The Moon, the Stars, & All that Love!
(October 13, 1997)
The stars awaken a certain reverence, becauseThough always thought present, they are inaccessible;But all natural objects make a kindred impression,When the mind is open to their influence.— Ralph Waldo Emerson
“Flora fell asleep that night thanking God for the wonderful day He had given her. She wondered if Paolo had been the answer to her morning prayer. Flora wondered if she had followed the star that fell into her soul, the one from Gulliver, and if it had brought her to Paolo.” – from If Nothing Happens in the Sky by Terry Stellini
- Twinkle, Twinkle, Little Star
Fly Me to the Moon
Moonlight Becomes You So
Stella by Starlight
Moon Over Miama
That Old Devil Moon
Moonlight in Vermont
Written In the Stars
I Wished on the Moon
Starry, Starry Night
When You Wish Upon a Star
Catch a Falling Star & Put it in Your Pocket
aaahhhh. . . are we open to their influence?
I think the things in the sky have influenced more poets, authors, artists and songwriters than any other objects in the world. I think the moon and the stars were created simply to inspire! Ralph Waldo Emerson’s words, “open to their influence”, immediately inspired my heart the afternoon I accidentally stumbled across them while gathering research for my book. I was into the fourth chapter when I came across Emerson’s quotation about the stars and all natural objects. That night with his words in my heart and the stars in the sky, my story about Flora really came to be. On that night, under the clear heavens with a jillion stars glistening, I chose the title for my first book, If Nothing Happens In the Sky.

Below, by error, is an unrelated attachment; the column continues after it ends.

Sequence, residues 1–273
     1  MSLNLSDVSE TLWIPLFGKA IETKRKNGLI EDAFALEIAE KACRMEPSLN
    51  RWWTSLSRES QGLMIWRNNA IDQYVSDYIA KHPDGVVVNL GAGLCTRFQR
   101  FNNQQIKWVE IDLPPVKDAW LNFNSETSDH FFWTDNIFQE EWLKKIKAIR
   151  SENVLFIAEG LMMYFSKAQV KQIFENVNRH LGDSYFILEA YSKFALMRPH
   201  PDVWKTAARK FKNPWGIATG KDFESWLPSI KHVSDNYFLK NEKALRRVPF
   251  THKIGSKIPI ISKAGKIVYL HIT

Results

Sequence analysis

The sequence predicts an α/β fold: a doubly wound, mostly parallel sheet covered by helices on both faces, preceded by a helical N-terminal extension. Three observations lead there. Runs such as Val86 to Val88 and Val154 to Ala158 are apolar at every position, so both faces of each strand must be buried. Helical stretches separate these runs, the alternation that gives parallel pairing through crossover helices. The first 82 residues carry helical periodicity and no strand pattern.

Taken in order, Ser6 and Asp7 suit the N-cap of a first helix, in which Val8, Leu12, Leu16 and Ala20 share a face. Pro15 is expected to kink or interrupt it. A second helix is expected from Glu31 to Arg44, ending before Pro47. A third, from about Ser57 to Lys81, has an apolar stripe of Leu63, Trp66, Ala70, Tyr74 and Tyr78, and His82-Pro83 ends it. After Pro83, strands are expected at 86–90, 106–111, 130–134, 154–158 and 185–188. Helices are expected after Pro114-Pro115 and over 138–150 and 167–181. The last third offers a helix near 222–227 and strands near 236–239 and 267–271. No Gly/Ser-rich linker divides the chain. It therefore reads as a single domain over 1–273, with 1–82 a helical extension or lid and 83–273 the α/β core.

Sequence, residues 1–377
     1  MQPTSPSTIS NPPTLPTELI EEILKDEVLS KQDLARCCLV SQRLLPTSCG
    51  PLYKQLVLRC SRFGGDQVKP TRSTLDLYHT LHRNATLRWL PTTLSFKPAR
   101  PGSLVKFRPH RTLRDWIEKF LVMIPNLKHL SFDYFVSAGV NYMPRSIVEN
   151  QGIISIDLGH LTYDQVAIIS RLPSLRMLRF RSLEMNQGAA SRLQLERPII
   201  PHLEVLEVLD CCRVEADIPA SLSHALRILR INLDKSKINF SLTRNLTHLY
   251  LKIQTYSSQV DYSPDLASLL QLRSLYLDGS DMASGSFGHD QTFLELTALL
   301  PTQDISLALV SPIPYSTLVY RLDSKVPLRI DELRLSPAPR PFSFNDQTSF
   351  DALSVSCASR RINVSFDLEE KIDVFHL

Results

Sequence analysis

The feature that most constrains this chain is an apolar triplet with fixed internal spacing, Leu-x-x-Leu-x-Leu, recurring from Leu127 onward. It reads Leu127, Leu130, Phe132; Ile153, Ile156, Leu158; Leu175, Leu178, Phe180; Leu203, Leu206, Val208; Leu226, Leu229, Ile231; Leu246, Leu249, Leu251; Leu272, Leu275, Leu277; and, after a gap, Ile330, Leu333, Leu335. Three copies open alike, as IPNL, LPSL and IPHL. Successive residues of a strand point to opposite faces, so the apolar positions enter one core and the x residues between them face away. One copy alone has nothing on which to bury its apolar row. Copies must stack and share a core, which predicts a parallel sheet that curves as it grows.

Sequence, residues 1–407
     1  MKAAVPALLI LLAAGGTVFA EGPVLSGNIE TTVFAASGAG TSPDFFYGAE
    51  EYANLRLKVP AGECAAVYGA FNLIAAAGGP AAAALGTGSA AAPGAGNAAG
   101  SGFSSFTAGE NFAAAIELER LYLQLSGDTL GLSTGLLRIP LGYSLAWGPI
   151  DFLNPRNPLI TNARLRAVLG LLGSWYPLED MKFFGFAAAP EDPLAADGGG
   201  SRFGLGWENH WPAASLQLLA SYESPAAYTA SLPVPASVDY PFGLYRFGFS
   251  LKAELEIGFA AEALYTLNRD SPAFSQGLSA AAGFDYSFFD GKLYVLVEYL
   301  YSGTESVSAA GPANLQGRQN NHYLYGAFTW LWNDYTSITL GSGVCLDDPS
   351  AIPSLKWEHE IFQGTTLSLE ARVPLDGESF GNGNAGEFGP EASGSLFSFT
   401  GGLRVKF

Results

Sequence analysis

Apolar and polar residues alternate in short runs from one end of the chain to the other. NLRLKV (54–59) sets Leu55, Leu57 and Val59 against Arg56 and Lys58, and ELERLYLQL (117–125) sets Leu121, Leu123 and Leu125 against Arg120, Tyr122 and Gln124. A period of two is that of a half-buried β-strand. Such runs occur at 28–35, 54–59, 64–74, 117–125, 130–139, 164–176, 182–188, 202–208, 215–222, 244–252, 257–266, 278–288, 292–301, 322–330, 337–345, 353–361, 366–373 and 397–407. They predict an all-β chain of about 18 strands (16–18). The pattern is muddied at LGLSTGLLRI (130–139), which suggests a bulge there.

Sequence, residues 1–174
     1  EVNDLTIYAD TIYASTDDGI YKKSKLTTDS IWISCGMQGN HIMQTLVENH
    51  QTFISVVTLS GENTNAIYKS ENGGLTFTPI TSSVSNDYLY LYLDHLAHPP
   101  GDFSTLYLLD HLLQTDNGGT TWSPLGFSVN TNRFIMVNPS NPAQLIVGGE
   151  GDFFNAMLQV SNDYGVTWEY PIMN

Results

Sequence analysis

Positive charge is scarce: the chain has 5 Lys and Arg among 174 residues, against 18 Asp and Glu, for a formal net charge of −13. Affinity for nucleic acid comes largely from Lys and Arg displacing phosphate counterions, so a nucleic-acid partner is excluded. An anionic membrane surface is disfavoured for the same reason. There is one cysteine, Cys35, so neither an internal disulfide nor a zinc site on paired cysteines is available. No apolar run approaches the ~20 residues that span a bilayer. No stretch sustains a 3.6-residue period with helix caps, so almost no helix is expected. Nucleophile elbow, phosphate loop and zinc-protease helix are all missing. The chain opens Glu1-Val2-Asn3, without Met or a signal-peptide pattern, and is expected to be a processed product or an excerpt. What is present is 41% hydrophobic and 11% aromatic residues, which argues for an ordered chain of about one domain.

It seems I’ve always been influenced by the things in the sky. The sun and moon, the stars, the clouds have always affected me. For example, Mama told me that I was born the night before the full moon, and one minute before a beautiful pink sunrise at 4:44am. My father used to call me Tear a Star From Out the Sky (some neat nickname)! I got married five weeks after our astronauts landed on the moon. There was the ten second falling star at the family cottage the summer I began writing and a full moon last Christmas Eve when we celebrated the success of my second book, A Full Moon on Christmas Eve. This Spring, the Hale-Bopp comet followed me all the way home from Florida while giving me much inspiration for my third book, While the Moon Looked Up to Heaven. In their own natural way, the things in the sky have always explained to me the simple truths about life here on earth. . .about the love that’s here in my heart. Like the dialogue in If Nothing Happens In the Sky between Flora and Paolo, about the stars. . . .
“Flora, if the sky is our soul turned inside out, what are the stars?” Paolo was completely enjoying their conversation.